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It was on a cold February day at Manchester City's Etihad Campus that Pep Guardiola pulled Mikel Arteta into one of the club's screening rooms.
In hushed tones, the Catalan spoke rapidly at his assistant: “Yesterday I talked with Raheem (Sterling) and I must say, he’s such a good guy. I said, ‘Were you p***** off?’ He said, ‘Devastated’.
“I told him, ‘We didn’t lose because of you’. He said, ‘We lost because of my miss, because of my ****. It would have been 0-2’.
“I said to him, ‘Just so you know, I changed you because of the mistake. You can’t miss a chance like that. I expect you not to make mistakes. You can’t miss that one’.
“He said, ‘You’re right. I can’t make that mistake. I can’t’.”
That scene was one of the standout moments of Amazon's documentary about the Premier League champions. It captured everything that makes Guardiola one of the world's greatest coaches; honesty, humility, focus, intensity, and an unwavering desire to want the best for and from his players.
That frank conversation – although in truth it was more a short stream of consciousness – also painted a picture of Sterling's character. The winger knew he had made a critical error, one that had cost City two points against Burnley. He knew Guardiola wanted better from him. And he was determined not to make the same mistake.
That desire to improve, to hit the standards expected of an elite star, has driven Sterling on to greater heights at Manchester City. Where once he was inconsistent, now he is dependable. Where once he was erratic in front of goal, now he is far more clinical.
Guardiola, of course, has played a huge role. The Catalan coach, perhaps more than the majority of his peers, puts an emotional investment into every player he coaches.
When the former Barcelona coach arrived in Manchester in the summer of 2016, Sterling had just completed his first season at the Etihad following a £50million move from Liverpool.
The England international had struck six goals in the Premier League under Manuel Pellegrini, although three of them came in one game against Bournemouth. More was expected of the then 20-year-old.
Guardiola knew the potential Sterling had yet his evolution – and improvement – was slow. He struck only seven times in the top flight in the 2016/17 campaign.
“The first season he was scared. He was always thinking, ‘Who is the guy I am going to pass the ball to?' We spoke about that and said, ‘Try to score goals. If you have the feeling where the goal is, then go over there.'”
That man management, coupled with Guardiola's almost unrivalled tactical acumen, has seen Sterling flourish over the past 18 months.
As the graphic above highlights, he has gone from strength to strength under Guardiola.
This term Sterling's output in terms of goals and assists per 90 minutes has more than doubled from the 2016/17 campaign. And that is reflected in his underlying numbers too, with his xG (expected goals) per 90 and xA (expected goals assisted) per 90 rising sharply over the past three seasons.
“I have the feeling he is now enjoying scoring goals and making assists,” Guardiola said after City's victory against Southampton. “He is more mature now than he was when we first met at the club. He believes more in himself.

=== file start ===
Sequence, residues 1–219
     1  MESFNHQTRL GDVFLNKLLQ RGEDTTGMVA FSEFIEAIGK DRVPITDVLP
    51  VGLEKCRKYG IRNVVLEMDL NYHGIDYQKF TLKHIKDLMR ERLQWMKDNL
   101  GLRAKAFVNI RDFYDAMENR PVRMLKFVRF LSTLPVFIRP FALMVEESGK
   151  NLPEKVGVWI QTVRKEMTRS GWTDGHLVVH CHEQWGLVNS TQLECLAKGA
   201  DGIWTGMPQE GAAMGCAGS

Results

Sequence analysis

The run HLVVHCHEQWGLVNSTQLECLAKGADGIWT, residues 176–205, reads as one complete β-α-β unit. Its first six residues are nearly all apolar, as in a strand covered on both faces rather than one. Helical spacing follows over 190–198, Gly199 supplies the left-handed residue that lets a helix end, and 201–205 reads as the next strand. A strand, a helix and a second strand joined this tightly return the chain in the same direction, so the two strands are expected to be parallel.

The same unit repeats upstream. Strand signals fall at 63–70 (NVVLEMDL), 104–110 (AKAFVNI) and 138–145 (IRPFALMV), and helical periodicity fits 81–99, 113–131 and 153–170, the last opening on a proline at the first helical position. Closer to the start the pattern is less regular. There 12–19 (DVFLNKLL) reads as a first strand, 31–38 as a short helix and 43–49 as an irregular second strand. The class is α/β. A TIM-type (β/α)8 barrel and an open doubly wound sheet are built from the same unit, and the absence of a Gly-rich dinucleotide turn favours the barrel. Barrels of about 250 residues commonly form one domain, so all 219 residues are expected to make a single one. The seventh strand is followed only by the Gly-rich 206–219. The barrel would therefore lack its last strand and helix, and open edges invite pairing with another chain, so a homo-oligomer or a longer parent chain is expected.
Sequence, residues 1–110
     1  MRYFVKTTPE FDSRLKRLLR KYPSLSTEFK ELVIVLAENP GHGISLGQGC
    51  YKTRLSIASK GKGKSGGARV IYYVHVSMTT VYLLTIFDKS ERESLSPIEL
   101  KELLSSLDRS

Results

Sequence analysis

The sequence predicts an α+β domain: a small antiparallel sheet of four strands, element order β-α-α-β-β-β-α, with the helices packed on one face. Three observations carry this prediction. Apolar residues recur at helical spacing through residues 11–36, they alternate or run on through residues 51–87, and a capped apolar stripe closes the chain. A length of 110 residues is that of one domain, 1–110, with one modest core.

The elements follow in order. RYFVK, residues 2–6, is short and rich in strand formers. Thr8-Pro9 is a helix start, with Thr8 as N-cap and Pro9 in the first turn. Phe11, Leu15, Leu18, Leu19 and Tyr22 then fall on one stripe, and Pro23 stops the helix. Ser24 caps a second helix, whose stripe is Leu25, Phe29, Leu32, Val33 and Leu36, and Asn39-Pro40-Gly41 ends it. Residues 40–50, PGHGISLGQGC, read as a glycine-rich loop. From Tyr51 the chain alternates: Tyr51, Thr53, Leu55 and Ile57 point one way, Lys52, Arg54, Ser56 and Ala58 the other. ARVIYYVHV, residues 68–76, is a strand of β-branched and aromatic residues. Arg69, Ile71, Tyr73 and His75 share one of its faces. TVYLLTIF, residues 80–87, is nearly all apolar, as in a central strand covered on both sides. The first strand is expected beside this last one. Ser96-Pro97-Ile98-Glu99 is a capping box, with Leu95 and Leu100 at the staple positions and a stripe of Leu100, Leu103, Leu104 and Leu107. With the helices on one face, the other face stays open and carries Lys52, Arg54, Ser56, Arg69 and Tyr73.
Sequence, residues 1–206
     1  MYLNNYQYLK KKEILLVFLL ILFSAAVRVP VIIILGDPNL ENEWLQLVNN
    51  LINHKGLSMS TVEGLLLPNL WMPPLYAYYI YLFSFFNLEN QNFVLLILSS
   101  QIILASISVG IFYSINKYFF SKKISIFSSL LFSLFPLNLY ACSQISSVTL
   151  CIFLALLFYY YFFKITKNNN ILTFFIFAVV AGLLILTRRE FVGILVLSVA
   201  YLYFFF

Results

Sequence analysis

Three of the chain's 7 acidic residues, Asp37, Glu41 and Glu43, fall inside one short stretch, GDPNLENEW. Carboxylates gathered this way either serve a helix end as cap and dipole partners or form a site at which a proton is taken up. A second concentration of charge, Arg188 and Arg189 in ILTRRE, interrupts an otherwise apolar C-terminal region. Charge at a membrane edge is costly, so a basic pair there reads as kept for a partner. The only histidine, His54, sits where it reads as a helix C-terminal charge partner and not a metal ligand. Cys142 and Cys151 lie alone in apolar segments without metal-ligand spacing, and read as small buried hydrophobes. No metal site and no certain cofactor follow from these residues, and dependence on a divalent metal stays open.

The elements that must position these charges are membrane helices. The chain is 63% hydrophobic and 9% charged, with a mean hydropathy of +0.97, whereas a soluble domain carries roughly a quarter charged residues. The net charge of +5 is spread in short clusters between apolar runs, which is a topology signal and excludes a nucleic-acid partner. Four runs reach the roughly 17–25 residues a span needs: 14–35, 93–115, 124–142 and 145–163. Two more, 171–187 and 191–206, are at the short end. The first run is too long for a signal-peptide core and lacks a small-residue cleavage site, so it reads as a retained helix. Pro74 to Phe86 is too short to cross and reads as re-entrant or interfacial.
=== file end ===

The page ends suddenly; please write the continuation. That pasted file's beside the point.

“Hopefully, he can be more ambitious and think he can improve. He is 23 and he can be a better player.”
During Guardiola's first season at City Sterling was almost exclusively used on the right flank. He would hug the touchline and attempt to break behind defences to then supply cutbacks for the onrushing central midfielders.
Since the start of the 2017/18 campaign, however, his game has changed. No longer confined to the right flank – Kyle Walker's arrival from Tottenham Hotspur has played a big part in this – Sterling has become an excellent operator in the penalty area, often finishing off chances from within the six-yard box.
The below are Sterling's heat maps for his three seasons, including the current campaign, under Guardiola. As you can see, while he remains primarily stationed out wide, either on the right or left flank, he is now far more involved in central areas.
His importance to City has grown significantly and the club have recognised that; Sterling is poised to sign a new deal with the club worth a reported £300,000-a-week.
It will make him one of the Premier League's best-paid players and, over the last 18 months, that is what Sterling has become. But, perhaps the most exciting thing if you're a City fan, is the belief that the winger's full potential has yet to be harnessed.
“He is a top player but still is so young to be considered the world's best,” the Manchester City boss has admitted.
“He is in incredible form, he is sharp, fast, clever, fighting, decisive, he can play both sides and can play in the middle and receive the ball between the lines and commit the centre-backs with a lot of aggressiveness.
“But he can improve; still he loses simple balls. Like the Tottenham game, when he made an amazing assist in the first few minutes but then lost a lot of balls.”
And so we're back where we started, with Guardiola acknowledging Sterling's impact but challenging him to improve. Recent history suggests he will do just that.